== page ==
After all the fun with the birds and gear we moved on to a house in the town of Conwy called Plas Mawr.  It was built during the Tudor Period meaning during the reign of King Henry VII and his family line.  It was st up to look like it did in the Middle Ages and it had audio tour guide remotes which would tell about each room in the house.  The real interest though was in the two interpreters, people reenacting a medieval person.  There was a woman who talked about the herbs and vegetables of the medieval times and how they were used.

There was also a man being a medieval surgeon and he had all the medical tools that were used back then, including a live leech.  He told about how a surgeon would do bloodletting to solve a headache and the way they knew you had lost enough blood was when you go pale from the loss of blood.  It actually had the placebo effect of believing it works so patients would feel better.  He also told about how surgeons dealt with a serious concussion; the brain swelling and bleeding.  He described all of this as if he was doing it, so he would cut the scalp, and drill a  hole in the skull with a drill that will pull out the circle of bone drilled.  He drains the blood until he thinks it looks good, pushes the brain back if it plugs the hole, puts the bone back in the hole, or a silver coin if he loses the bone.  Sews everything back up, and lastly lathers the place with honey as an antibiotic.  Amazingly this actually worked, though the non washing of hands and medical tools leaves a lot of risks for the patient in the way of disease, but such things were unknown at the time.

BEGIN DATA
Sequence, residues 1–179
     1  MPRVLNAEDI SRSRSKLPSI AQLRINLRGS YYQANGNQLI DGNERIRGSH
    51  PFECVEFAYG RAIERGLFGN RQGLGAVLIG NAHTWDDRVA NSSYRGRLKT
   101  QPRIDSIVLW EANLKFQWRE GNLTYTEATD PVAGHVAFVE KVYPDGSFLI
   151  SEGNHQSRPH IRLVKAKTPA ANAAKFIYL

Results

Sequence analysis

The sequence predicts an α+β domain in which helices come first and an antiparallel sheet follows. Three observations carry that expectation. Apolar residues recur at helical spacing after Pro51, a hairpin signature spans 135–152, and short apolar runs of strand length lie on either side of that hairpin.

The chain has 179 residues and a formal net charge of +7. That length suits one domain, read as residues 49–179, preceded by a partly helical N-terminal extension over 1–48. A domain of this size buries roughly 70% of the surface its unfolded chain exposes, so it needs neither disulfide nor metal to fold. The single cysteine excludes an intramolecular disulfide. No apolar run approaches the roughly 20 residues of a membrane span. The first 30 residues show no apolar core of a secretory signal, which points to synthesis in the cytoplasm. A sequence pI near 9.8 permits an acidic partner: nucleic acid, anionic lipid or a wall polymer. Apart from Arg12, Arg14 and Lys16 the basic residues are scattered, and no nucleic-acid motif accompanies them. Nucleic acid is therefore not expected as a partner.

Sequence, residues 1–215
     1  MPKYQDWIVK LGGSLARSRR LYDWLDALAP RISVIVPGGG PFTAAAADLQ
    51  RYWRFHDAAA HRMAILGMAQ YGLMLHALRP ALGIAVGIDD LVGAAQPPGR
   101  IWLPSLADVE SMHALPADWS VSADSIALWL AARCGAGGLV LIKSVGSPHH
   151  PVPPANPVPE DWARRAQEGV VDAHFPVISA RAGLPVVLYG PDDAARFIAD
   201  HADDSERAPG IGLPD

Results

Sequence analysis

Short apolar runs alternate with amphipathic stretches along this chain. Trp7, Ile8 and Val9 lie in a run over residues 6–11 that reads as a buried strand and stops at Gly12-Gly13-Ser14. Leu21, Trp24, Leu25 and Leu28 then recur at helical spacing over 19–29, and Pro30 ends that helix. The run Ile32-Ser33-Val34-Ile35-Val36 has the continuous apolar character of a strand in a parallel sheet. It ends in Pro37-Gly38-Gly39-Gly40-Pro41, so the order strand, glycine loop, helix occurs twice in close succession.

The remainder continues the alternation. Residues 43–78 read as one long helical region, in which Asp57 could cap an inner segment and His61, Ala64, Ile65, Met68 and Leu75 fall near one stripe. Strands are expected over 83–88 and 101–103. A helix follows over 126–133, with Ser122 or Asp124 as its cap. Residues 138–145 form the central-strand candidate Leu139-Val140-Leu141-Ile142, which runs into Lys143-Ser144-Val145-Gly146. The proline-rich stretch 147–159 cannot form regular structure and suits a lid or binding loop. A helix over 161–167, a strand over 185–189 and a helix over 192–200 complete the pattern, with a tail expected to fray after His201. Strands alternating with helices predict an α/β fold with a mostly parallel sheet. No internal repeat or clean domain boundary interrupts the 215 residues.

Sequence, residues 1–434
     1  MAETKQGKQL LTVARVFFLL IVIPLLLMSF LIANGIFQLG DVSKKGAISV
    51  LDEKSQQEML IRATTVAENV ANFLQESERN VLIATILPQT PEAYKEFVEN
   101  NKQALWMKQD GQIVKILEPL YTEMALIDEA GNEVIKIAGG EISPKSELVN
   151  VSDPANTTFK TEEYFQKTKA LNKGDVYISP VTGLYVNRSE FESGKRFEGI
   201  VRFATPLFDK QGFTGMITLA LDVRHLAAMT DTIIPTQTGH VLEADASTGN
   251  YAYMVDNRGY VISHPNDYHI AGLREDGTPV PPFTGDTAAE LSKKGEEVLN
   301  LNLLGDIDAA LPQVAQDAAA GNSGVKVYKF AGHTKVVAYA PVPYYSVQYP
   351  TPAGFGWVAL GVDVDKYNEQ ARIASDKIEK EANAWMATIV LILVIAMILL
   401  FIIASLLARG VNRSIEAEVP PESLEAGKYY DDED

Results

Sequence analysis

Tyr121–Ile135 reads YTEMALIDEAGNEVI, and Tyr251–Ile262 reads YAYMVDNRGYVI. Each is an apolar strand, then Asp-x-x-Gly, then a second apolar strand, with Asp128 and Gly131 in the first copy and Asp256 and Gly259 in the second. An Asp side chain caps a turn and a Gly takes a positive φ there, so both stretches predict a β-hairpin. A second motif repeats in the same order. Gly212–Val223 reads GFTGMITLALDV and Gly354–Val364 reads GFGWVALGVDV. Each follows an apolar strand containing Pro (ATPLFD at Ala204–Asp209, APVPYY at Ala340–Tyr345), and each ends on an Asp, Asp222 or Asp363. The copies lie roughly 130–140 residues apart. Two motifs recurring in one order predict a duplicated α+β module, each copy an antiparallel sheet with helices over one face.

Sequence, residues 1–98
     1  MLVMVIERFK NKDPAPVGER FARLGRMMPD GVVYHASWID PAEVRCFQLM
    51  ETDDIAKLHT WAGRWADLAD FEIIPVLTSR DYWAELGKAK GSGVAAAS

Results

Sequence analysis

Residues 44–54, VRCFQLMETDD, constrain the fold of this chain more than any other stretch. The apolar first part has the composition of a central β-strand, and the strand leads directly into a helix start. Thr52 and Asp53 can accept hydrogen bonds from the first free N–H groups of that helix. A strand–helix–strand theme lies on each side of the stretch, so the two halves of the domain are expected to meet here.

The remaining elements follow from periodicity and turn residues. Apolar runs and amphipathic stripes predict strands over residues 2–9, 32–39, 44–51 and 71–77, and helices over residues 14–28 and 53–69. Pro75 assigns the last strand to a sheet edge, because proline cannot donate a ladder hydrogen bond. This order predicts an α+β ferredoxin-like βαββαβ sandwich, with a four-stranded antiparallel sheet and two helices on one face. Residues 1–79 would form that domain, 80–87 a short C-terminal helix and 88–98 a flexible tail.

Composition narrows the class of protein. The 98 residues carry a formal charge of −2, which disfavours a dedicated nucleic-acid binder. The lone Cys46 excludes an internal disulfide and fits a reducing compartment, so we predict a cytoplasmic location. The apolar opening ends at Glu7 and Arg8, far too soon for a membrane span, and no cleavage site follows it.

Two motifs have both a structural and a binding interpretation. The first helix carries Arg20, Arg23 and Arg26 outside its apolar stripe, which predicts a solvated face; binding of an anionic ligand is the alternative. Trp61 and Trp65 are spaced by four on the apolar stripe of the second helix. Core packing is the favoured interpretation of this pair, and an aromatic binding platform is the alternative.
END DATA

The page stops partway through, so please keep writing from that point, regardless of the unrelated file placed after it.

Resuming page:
After Plas Mawr the group went its separate ways, everyone eventually visiting the Aberconwy House which is a 1400's medieval house that has survived the ages of war and progress.  It was small, simple, and the thing the personnel who worked there seemed most proud of was that the house had been prevented from being taken to the U.S.A. in the early 1900's.  Nice to know we almost had a medieval house in America.  Apart from that everyone explored and enjoyed lunch and sweets in the town of  Conwy.  At 2:30 we met up to grab our bags and take a 3:21 pm train to Leominster.  The two and a half hour ride was spent in silence as everyone slept.  We're now in a hostel in Leominster which has a lack of hot water and wooden bunk beds which creak something awful.  Still though, it was a great day and hoping for more to follow.

No comments:

Post a Comment